To start the class, each student, using long division, will convert each of the following fractions into a decimal. Students will work individually for 4-5 minutes. As students are working, I can walk around and look at their progress. The progress that I see will help determine the groups created for the next segment of the class. Students will be grouped according to their ability. Students who are able to use the algorithm without any problems will be grouped together. Students who may need assistance will be grouped together. This way, there is no group leader who is showing everyone else what to do. Students who are struggling can work together, with my help, to find the solution. As groups compare their work, I want to make sure that students know the steps in the algorithm and have an understanding of the places in the decimal. I also want to hear in their discussion that they are comfortable with using the algorithm. Is anybody running into a struggle about the order of the steps? Can you show a classmate how to do the division? Does anyone need the acronym to help remember the steps? Once students have completed this section of the lesson, we will have a whole class discussion about benchmark fractions. Can my students describe benchmark fractions? Why are they referred to as benchmarks? What are they used for? What is their familiarity with the concept? Once we have discussed benchmark fractions and their understanding of the concept, I want them to recognize the relationship between the unit fractions and the corresponding decimals.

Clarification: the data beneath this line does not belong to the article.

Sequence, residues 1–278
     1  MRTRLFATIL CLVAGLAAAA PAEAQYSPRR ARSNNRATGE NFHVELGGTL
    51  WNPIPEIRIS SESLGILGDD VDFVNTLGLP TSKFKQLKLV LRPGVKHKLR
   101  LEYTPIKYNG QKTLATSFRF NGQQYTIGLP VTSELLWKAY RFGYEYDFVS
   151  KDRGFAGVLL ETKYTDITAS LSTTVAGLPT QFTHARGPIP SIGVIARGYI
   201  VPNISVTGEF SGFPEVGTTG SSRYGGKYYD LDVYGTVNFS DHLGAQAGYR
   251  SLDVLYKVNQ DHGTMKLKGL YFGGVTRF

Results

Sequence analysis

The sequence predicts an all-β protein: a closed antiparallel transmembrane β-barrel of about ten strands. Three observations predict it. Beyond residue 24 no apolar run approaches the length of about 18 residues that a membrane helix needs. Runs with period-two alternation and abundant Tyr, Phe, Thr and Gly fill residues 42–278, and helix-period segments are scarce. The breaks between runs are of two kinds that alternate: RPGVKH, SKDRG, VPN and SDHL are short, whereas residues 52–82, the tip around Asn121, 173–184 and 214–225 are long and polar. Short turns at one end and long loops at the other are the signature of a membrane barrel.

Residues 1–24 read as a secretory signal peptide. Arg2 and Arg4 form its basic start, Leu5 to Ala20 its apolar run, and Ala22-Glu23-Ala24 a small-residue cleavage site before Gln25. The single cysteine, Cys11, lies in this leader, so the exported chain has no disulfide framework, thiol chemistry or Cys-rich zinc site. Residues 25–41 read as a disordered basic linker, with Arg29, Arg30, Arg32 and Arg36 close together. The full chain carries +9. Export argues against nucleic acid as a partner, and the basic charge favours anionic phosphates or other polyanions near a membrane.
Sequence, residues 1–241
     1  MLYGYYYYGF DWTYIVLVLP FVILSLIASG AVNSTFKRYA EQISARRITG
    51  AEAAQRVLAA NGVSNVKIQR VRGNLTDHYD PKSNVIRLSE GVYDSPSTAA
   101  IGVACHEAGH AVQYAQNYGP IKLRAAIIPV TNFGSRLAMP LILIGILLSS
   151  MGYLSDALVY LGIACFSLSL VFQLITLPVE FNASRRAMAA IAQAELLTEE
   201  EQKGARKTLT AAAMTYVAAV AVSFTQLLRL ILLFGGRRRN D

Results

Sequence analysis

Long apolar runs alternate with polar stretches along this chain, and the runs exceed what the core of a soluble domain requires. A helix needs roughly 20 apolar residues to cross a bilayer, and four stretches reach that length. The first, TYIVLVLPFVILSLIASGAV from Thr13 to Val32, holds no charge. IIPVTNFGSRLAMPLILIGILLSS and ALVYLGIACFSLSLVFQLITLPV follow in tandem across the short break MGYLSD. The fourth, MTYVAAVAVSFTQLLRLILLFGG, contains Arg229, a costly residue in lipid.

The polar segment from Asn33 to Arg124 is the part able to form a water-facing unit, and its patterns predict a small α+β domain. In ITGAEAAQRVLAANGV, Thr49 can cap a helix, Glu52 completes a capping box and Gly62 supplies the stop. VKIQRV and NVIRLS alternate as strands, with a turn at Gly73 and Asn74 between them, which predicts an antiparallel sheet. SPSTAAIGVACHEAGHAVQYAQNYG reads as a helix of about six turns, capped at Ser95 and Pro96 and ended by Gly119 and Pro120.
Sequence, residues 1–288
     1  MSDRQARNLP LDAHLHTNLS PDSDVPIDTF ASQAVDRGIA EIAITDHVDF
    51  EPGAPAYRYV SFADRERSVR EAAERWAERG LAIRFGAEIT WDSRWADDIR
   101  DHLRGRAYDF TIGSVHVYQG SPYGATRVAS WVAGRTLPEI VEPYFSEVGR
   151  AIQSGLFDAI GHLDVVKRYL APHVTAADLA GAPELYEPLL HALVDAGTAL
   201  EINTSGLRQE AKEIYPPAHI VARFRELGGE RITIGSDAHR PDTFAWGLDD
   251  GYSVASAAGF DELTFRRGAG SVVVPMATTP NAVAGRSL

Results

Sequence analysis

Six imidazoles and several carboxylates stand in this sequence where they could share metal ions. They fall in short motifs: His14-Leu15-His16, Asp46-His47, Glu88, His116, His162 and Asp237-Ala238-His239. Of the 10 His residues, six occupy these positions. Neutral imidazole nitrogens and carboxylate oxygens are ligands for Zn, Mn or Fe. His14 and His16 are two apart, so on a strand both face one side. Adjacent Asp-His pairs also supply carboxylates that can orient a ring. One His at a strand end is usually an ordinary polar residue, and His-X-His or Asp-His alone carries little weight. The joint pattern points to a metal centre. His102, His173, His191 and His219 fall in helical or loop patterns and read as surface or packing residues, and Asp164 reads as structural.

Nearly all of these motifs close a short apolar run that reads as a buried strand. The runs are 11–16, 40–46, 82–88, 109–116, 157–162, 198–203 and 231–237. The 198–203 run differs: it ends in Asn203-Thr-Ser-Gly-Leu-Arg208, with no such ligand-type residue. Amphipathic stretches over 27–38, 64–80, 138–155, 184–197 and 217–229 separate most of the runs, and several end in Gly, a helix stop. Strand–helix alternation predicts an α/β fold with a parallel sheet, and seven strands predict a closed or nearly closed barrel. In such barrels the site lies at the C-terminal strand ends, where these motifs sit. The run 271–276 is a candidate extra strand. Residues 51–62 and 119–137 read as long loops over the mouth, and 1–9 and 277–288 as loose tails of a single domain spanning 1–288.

To continue the lesson, I will ask students to make a generalization about which denominators will result in a terminating decimal and which will result in a repeating decimal. Students will convert the next set of fractions into decimals using long division. We will finish the list of unit fractions up to the denominator 12. Students will work in the group to convert the fractions then check their work with a calculator. As students work in their groups, discussion questions and statements will be on the board for the groups to consider. I would like for students to make the connection between terminating denominators and the factors of powers of 10. Do students see that denominators that are composed of certain factors terminate at a certain place? During the discussion, if students don’t arrive at that conclusion, I will guide them toward seeing the connection. I want them to see the relationship between the division and place values in our decimal system.
I will ask volunteers to model the division on the SMARTboard to show what the long division looks like, step-by-step.
For homework, students will choose 5 fractions with denominators from 3 to 11, but have numerators that are greater than 1. They will do the long division algorithm for each of the 5 fractions to generate the decimal equivalent. Of the 5 fractions, students need to ensure they have one terminating decimal and one repeating decimal.